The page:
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What I Read Online – 02/20/2013 (a.m.)

20 Feb
    • Build trellises—but remember that trellises are for supporting vines.
    • 2) Care more about vine work—discipling others with the gospel and sound doctrine—than about efficiency and “getting things done.”

       

    • Realize the biblical role of the elders of your church: to give themselves to teaching and praying
    • Second, pray that you’d grow in wisdom so that you can be helpful, intelligent, thoughtful, and practical in the best sense of the word as you apply your administrative abilities to supporting, pruning, cultivating, and nurturing vine work.
    • Third, grow in your ability to do vine work
    • 3) Be diligent, patient and long-suffering in serving your church.
    • First, you may be right
    • Second, you’re probably not alone
    • Third, you’re either going to be part of the problem or part of the solution
    • The goal of every church is to reflect the glory of God. And one of the keys ways a church does this is through its unity in Christ. A healthy church will have both the disciple-making and practical administrating functioning well together. To this end, both pastors and businesspeople are going to have to fight for unity.

       

    • One of the most basic facts about the New Testament canon that all Christians should understand is that the canon is intimately connected to the activities of the apostles.
    • In the end, the New Testament canon exists because of an early Christian belief that the apostles spoke for Christ.  That belief led Christians to value apostolic books.  And those apostolic books eventually formed the New Testament that we know today
    • Enns appears to be under the impression that evangelical reviewers are chomping at the bit to give nasty reviews of Bell’s book. But I don’t think that is the case at all. In fact, I predict that Bell’s book will be greeted largely with a collective yawn from conservative evangelical reviewers. There won’t be an outcry like there was last time. Why? Because Bell’s reputation as a heterodox theological liberal is now well-known. Why belabor the point?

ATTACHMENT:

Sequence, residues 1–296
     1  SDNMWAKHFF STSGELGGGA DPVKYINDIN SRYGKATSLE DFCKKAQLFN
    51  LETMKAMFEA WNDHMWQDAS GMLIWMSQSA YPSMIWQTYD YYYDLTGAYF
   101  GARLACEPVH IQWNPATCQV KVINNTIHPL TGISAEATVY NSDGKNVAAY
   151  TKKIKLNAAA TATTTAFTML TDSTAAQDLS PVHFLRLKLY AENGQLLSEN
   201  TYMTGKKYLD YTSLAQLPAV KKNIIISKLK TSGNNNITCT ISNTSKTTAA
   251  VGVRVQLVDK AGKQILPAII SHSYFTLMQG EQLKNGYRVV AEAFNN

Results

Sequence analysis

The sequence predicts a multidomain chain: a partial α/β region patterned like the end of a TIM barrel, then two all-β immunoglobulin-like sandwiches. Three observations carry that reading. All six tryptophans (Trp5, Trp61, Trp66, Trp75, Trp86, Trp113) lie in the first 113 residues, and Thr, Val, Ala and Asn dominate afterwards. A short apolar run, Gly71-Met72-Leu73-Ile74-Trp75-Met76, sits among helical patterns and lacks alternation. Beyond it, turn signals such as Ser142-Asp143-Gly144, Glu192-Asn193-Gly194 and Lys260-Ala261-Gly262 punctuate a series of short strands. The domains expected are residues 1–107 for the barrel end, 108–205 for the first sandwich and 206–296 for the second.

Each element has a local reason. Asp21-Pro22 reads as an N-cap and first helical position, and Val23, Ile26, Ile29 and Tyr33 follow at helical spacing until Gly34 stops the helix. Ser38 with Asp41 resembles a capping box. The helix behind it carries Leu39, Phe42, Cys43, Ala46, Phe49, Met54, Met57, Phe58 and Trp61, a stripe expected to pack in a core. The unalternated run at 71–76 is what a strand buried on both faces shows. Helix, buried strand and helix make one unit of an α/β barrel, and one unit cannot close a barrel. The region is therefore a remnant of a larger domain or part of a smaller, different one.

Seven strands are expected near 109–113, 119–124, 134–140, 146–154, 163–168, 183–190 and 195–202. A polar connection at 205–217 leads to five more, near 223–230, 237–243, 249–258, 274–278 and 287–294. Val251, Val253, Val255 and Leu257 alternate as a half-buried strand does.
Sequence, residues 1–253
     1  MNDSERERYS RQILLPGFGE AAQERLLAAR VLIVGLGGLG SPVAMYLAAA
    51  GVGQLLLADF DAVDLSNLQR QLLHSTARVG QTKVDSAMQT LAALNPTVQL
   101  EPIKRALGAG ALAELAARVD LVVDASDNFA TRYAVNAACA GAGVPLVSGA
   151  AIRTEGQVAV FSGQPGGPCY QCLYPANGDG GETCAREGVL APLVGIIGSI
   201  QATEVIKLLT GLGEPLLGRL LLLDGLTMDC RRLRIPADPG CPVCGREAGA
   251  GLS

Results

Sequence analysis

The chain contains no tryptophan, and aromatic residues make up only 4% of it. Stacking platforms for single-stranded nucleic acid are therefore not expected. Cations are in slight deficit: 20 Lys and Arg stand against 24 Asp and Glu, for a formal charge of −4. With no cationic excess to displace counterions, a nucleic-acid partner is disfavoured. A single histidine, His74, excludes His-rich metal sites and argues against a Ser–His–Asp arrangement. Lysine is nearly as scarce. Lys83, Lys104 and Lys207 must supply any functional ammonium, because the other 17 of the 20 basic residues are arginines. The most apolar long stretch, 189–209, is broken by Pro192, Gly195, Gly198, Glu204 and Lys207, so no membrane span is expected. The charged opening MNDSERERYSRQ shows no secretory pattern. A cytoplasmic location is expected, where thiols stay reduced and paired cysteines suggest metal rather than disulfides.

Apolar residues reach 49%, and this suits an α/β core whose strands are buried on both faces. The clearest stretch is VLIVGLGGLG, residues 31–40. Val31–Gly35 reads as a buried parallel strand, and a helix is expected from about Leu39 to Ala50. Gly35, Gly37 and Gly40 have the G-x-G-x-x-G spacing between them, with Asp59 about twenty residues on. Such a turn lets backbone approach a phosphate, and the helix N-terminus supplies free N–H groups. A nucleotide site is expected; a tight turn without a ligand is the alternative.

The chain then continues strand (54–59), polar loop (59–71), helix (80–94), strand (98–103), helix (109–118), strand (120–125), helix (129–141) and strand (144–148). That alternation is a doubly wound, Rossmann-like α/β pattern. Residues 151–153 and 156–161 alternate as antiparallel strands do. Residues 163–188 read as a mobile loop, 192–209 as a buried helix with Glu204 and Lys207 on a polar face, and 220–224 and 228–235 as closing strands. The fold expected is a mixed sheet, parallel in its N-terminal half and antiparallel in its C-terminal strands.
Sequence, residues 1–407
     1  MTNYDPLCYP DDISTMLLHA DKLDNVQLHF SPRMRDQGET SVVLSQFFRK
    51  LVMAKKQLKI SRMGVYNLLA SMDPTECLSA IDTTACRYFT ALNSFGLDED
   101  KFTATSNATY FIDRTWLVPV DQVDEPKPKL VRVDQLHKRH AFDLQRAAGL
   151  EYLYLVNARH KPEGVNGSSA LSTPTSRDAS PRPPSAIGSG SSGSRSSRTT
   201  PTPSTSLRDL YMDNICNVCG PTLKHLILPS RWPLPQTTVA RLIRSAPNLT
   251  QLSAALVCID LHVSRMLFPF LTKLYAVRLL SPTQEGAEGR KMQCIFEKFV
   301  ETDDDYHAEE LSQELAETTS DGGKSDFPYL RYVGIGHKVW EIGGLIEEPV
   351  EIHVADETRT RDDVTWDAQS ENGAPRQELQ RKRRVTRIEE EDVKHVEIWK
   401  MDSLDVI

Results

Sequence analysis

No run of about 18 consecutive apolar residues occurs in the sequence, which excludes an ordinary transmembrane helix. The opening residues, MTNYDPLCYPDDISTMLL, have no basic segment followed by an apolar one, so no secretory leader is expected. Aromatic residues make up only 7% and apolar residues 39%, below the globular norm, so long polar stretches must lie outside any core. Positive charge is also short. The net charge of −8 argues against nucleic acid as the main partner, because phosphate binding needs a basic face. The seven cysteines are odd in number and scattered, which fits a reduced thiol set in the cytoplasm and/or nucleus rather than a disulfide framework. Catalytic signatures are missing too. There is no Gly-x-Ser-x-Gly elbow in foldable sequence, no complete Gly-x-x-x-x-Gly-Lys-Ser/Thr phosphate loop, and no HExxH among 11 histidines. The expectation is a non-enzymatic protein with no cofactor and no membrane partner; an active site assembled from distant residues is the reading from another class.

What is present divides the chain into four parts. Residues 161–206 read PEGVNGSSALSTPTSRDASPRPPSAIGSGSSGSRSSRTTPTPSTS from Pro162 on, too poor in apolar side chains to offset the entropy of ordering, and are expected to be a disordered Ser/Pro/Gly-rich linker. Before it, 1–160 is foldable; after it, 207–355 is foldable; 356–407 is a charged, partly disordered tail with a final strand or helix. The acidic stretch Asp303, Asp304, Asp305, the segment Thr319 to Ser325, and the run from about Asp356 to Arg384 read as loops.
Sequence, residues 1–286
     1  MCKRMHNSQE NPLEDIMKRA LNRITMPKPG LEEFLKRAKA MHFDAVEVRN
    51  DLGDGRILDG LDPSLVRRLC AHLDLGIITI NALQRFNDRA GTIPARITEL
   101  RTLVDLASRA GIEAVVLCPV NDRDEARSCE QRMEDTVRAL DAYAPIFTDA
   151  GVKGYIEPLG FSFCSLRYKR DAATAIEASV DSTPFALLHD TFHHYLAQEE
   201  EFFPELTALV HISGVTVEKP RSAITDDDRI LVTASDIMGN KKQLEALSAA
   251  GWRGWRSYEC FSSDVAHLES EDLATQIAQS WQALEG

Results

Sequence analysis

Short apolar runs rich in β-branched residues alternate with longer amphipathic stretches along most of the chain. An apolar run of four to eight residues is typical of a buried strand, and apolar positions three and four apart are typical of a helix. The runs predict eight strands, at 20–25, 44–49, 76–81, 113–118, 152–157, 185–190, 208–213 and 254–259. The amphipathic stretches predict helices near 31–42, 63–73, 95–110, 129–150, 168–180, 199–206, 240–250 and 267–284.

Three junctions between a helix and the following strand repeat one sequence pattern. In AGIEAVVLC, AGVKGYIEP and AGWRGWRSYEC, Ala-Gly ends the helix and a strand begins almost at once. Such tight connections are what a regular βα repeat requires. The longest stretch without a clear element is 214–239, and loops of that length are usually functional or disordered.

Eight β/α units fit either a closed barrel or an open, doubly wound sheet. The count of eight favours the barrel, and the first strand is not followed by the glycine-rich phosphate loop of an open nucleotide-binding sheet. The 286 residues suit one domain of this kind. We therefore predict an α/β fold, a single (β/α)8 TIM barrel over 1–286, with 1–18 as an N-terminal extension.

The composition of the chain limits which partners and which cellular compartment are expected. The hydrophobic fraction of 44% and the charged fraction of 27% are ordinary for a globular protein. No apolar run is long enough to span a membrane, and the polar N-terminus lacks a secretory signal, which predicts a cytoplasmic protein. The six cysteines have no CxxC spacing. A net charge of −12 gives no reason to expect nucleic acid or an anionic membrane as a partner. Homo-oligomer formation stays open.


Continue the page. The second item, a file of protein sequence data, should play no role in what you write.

• When I finished reading this book, I immediately told Aileen that she would find it rich and encouraging. I want her to read it, because I know it will bless her. It will reassure her of her own inadequency and call her to depend more upon Christ, it will remind her of the value of both friendship and mentorship, it will tell her that her experiences in motherhood are universal, it will encourage her again and again to read, to pray, and to find her deepest satisfaction in God. As Ann Voskamp writes in the foreword, “if I make God first and am most satisfied in His love, I’m released to love my children fully and most satisfactorily.”

Posted from Diigo. The rest of my favorite links are here.

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Posted by on 20/02/2013 in Current Issues

 

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